In v1.2.11, Burp introduced a new method of generating the server SSL certificates which are presented to your browser when you connect via Burp Proxy. This involved creating a root CA certificate (per user), which you can install into your browser, and using this to sign each host certificate, thus enabling you to eliminate SSL certificate errors. Read more here.
Unfortunately, in v3.5 Firefox changed the way it handles root CA certificates, which stopped Burp's root CA certificate from working. This problem has now been fixed, and Firefox should accept Burp's certificates again:
Note that if you have previously installed Burp's CA certificate into any of your browsers, you may need to remove this before you can install the new root certificate, as described here.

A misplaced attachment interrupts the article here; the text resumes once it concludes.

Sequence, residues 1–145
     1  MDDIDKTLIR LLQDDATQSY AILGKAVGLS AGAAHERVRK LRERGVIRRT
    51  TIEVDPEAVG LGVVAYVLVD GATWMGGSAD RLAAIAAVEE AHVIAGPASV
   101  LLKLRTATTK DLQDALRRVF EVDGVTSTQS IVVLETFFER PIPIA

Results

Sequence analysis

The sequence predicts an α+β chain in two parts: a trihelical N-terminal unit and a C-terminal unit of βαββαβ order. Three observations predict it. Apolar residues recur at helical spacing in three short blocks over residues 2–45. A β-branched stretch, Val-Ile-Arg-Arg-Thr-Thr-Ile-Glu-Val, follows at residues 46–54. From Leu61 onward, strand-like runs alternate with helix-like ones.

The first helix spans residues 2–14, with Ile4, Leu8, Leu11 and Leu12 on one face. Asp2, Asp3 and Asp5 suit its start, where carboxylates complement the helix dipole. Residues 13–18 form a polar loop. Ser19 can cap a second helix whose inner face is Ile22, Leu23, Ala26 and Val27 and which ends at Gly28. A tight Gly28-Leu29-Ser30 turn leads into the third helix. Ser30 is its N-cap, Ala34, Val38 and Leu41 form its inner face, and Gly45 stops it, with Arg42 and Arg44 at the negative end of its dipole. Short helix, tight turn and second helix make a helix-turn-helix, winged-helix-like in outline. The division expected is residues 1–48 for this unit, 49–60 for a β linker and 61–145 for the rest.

Another occasional source of SSL pain happens when Burp fails to negotiate connections using the combination of protocols offered by the destination web server. The Java SSL stack contains a few gremlins, and fails to work with certain unusual server configurations. To help you troubleshoot this problem, Burp now lets you specify which protocols should be offered to servers during SSL negotiations:
Note that Burp already implements a few workarounds for SSL issues, and if a negotation fails with the protocols you have configured, Burp will still try some alternative combinations of protocols which often work. So you shouldn't use this new feature as a method of testing which protocols are actually supported by the server. People often ask if Burp can perform these checks, but Java is a bit too far removed from the SSL action for this to be done reliably, so you are better off sticking to a dedicated tool for investigating server SSL configurations.